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Curr Treat Options Neurol. 2006 Sep;8(5):410-4.

Depression and quality of life issues in patients with amyotrophic lateral sclerosis.

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  • 1Department of Behavioral Health, Denver Health Medical Center, 777 Bannock Street, Denver, CO 80204, USA. shannon.stromberg@dhha.org.

Abstract

Amyotrophic lateral sclerosis (ALS) is a progressive motor neuron disease that usually results in death secondary to respiratory failure. The psychological reaction to the diagnosis of ALS in patient and caregiver has received increasing attention. Reports are highly variable as to the severity of depressive symptoms in patients with ALS. When they exist, depressive symptoms can be managed with pharmacologic interventions. Recognizing cognitive impairment is essential in the management of patients with ALS. Quality of life assessments have been used to further evaluate the reaction to the disease. Maintaining a meaningful quality of life centers on psychological, supportive, and spiritual factors, as opposed to physical status. In addition to the patient's reaction, there are a variety of responses experienced by caregivers. Clinicians should provide appropriate support to the caregivers of the patients during the course of the illness and after death.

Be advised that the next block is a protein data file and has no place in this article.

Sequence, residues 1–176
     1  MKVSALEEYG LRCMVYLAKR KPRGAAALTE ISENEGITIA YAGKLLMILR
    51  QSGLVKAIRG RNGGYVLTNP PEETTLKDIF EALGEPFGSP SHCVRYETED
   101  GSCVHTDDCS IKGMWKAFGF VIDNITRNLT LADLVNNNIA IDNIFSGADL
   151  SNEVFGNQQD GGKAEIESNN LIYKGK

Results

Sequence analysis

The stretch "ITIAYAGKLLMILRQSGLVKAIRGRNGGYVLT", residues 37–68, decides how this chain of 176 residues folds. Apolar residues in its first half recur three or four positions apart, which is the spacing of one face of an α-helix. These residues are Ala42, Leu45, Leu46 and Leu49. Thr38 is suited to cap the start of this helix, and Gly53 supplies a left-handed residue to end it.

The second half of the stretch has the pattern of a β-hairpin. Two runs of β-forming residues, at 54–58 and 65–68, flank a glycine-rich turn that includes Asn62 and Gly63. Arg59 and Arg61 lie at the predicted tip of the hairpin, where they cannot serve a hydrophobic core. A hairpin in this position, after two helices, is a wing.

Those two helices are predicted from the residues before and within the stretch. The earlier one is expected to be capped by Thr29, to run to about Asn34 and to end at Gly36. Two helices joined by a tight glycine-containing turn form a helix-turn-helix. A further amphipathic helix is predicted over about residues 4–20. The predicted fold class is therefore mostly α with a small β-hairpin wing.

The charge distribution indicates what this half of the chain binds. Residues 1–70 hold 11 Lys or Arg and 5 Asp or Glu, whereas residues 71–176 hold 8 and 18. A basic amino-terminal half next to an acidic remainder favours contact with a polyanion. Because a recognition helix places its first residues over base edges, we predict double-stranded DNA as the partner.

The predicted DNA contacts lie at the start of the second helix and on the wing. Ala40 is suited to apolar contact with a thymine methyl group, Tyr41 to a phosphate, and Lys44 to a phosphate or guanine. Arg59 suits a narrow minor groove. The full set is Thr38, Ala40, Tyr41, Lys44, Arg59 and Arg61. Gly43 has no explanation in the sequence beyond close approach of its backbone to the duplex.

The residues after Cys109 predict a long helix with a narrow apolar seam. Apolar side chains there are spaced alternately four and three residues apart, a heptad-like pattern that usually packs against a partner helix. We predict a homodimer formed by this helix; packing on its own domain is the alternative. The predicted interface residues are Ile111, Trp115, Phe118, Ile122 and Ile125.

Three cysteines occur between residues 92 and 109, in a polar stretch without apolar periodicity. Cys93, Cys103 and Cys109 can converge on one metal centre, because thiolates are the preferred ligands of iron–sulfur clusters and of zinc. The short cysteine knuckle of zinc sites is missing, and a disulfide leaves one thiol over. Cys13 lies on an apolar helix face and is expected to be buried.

PMID:
16901380
[PubMed]
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